Land Addition Made Possible by the Land and Water Conservation Fund
View and Download Pictures from Today’s Visit HERE
Denver — Today, U.S. Senators John Hickenlooper and Michael Bennet joined Secretary of the Interior Deb Haaland, National Park Service (NPS) Director Chuck Sams III, and leaders from the Northern Arapaho Tribe, the Northern Cheyenne Tribe, and the Cheyenne and Arapaho Tribes at the Sand Creek Massacre National Historic Site to remember the 1864 massacre and announce the addition of almost 3,500 acres to the Site. This addition is made possible with financial support from the Land and Water Conservation Fund (LWCF).
The Sand Creek Massacre occurred on November 29, 1864, when U.S. soldiers attacked an encampment of approximately 750 Native people. The soldiers killed 230 people — mostly women and children. The Sand Creek Massacre National Historic Site was established in 2007 to preserve and protect the cultural landscape of the massacre and enhance public understanding of this horrific event.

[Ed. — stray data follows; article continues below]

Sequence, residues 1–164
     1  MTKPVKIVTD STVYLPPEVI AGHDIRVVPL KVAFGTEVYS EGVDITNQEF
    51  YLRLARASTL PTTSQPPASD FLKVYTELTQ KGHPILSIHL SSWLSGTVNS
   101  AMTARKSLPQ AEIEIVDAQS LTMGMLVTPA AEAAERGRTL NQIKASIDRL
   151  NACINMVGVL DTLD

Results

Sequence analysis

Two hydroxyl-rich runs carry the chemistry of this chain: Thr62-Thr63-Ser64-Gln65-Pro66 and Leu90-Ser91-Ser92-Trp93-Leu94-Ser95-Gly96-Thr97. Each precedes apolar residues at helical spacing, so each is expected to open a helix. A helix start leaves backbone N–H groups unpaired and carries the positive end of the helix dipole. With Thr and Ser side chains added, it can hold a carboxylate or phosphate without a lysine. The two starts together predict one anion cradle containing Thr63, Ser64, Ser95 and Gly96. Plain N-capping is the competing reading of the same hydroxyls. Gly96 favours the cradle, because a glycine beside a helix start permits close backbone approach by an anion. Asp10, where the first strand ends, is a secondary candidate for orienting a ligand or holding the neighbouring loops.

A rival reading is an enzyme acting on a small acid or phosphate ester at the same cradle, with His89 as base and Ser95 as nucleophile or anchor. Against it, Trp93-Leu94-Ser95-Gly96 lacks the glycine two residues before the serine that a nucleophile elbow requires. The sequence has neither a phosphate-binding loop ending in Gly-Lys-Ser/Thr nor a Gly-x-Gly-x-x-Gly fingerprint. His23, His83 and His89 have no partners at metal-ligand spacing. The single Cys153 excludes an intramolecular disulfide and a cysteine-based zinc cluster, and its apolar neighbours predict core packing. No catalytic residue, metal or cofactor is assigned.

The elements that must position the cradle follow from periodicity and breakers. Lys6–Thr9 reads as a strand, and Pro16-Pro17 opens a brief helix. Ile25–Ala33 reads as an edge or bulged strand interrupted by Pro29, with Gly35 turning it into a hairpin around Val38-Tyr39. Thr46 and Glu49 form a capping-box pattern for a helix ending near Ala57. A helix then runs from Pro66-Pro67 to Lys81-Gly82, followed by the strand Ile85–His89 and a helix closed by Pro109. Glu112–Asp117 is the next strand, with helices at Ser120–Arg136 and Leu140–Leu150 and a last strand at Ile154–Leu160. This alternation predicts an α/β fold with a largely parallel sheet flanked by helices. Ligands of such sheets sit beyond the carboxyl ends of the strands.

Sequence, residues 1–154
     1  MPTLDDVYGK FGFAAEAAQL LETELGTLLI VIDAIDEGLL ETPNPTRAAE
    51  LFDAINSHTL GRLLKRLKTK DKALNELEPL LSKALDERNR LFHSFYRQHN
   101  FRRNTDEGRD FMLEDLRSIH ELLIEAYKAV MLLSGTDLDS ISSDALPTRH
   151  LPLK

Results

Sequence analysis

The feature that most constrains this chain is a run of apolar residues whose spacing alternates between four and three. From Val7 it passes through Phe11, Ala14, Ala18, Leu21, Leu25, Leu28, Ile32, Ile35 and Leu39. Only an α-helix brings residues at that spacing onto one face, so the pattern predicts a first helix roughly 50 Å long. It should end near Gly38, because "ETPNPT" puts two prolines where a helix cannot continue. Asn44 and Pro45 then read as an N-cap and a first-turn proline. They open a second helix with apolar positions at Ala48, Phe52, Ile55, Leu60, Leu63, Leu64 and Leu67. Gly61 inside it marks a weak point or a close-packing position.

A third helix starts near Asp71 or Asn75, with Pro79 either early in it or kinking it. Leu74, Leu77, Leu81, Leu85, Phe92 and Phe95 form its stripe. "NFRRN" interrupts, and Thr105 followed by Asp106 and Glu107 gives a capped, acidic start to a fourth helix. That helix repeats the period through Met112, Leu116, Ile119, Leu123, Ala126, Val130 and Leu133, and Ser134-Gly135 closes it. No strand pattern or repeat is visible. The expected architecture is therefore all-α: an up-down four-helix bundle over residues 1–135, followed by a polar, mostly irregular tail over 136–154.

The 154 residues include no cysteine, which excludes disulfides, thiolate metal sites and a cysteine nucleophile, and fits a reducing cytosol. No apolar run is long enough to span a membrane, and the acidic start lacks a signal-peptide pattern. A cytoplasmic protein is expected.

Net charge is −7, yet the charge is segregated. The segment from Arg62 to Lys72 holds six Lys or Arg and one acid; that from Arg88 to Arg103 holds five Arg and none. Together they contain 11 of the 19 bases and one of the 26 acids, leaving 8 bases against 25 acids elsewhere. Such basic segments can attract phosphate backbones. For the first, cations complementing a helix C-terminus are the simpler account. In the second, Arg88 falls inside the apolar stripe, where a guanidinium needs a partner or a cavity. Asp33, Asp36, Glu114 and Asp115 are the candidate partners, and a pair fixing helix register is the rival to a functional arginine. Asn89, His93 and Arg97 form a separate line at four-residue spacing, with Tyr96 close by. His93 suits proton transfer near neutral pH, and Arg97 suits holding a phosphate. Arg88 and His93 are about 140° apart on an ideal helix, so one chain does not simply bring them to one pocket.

“That something like Sand Creek could happen and go unacknowledged for so long is egregious. And it’s why we come back and remember what happened here. We can’t change the past, but we can ensure the victims are remembered,” said Hickenlooper.
“This is a long overdue step to respect and preserve land sacred to the Northern Cheyenne, Northern Arapaho, Cheyenne, and Arapaho Tribes,” said Bennet. “Today’s ceremony is about remembering the atrocity at Sand Creek and honoring our government’s continuing obligations to Tribal communities.”
“It is our solemn responsibility at the Department of the Interior, as caretakers of America’s national treasures, to tell the story of our nation. The events that took place here forever changed the course of the Northern Cheyenne, Northern Arapaho, and Cheyenne and Arapaho Tribes,” said Secretary Haaland. “We will never forget the hundreds of lives that were brutally taken here – men, women and children murdered in an unprovoked attack. Stories like the Sand Creek Massacre are not easy to tell but it is my duty – our duty – to ensure that they are told. This story is part of America’s story.”
The acquisition was made possible through funding from the LWCF. The land addition announced today will allow the NPS to increase public opportunities to experience and interpret the site’s stories and history. In addition, the expansion of the historic site will contribute to one of the most intact shortgrass prairie ecosystems within the National Park system, providing habitat for a wide range of plants, wildlife and species of special concern.